The City at Stake tells the dramatic story of how the nation's second-largest city completed a major reform of its government in the face of a deeply threatening movement for secession by the San Fernando Valley. How did Los Angeles, a diverse city with an image of unstructured politics and fragmented government, find a way to unify itself around a controversial set of reforms?
Los Angeles government nearly collapsed in political bickering over charter reform, which generated the remarkable phenomenon of two competing charter reform commissions. Out of this nearly impossible tangle, reformers managed to knit a new city charter that greatly expanded institutions for citizen participation and addressed long-standing weaknesses in the role of the mayor. The new charter, pursued by a Republican mayor, won its greatest support from liberal whites who had long favored reform measures.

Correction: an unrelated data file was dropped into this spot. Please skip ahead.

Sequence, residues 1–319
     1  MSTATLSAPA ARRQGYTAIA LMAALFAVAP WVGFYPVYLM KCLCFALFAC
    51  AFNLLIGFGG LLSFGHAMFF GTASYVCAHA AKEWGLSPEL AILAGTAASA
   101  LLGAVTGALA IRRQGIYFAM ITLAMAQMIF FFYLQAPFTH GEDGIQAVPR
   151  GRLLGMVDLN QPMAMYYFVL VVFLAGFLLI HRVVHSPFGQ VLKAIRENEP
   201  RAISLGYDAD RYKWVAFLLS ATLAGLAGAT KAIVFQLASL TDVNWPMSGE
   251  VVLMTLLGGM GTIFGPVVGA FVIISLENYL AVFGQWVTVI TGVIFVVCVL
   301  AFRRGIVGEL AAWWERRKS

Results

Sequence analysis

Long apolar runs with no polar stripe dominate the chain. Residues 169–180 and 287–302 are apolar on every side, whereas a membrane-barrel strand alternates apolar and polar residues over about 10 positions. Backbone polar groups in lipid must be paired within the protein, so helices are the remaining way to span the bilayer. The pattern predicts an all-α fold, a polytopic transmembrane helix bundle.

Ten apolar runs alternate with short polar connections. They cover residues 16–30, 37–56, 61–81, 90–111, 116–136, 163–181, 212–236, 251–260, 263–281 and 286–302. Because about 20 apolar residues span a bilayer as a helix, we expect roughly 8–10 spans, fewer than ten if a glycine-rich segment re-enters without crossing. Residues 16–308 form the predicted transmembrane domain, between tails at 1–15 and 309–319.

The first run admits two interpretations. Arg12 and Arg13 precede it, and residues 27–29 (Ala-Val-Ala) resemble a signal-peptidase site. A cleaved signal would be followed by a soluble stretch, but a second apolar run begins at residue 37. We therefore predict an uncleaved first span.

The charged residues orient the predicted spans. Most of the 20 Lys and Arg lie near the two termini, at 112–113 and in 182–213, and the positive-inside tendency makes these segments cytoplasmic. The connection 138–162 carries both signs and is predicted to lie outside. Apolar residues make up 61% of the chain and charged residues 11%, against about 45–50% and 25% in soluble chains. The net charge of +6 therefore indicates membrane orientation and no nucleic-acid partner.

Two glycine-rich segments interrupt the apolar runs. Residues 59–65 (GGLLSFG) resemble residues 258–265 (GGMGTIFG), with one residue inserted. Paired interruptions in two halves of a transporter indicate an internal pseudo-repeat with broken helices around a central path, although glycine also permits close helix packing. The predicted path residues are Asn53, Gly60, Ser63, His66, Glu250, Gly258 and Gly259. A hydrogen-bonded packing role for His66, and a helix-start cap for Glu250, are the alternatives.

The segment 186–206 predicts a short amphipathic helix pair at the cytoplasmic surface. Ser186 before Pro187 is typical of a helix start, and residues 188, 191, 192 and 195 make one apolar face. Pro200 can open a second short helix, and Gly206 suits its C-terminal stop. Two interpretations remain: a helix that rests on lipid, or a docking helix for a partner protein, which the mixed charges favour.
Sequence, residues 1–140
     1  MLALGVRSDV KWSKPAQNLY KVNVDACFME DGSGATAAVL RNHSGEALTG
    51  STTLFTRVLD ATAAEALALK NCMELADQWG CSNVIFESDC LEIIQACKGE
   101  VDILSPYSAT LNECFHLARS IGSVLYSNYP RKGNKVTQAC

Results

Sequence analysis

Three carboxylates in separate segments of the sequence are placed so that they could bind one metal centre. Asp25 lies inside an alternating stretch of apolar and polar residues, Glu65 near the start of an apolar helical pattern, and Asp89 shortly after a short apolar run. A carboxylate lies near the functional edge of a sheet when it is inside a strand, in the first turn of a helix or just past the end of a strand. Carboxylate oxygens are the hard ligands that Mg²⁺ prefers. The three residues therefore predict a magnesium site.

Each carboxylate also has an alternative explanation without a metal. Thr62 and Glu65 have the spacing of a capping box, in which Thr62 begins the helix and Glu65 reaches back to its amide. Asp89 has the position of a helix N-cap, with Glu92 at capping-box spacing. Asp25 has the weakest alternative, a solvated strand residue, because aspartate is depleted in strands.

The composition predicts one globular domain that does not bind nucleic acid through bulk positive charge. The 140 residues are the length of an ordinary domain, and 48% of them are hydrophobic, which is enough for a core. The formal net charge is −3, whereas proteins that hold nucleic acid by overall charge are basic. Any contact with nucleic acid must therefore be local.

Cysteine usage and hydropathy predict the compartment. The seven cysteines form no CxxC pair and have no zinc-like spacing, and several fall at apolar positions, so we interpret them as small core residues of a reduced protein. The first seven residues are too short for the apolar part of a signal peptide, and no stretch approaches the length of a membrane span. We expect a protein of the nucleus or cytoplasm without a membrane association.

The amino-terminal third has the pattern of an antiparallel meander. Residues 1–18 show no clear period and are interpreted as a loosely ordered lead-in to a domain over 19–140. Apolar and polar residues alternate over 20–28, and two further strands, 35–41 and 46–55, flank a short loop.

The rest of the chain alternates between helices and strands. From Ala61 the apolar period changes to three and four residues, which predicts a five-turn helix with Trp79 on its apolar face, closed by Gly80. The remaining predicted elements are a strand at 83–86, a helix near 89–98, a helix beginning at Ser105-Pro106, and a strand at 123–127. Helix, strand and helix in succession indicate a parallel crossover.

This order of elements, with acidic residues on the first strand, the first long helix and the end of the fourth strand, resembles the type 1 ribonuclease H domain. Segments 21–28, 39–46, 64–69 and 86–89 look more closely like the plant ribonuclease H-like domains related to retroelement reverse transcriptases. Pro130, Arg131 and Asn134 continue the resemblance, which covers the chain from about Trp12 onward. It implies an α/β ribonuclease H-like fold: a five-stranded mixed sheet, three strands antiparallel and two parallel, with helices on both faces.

Written by an urban scholar who played a key role in the charter reform process, the book offers both a theoretical perspective on the process of institutional reform in an age of diversity, and a firsthand, inside-the-box look at how major reform works.
The new afterword by the author analyzes the 2005 election of Los Angeles's first modern Latino mayor, Antonio Villaraigosa, a milestone in the development of urban reform coalitions in an age of immigration and ethnic diversity.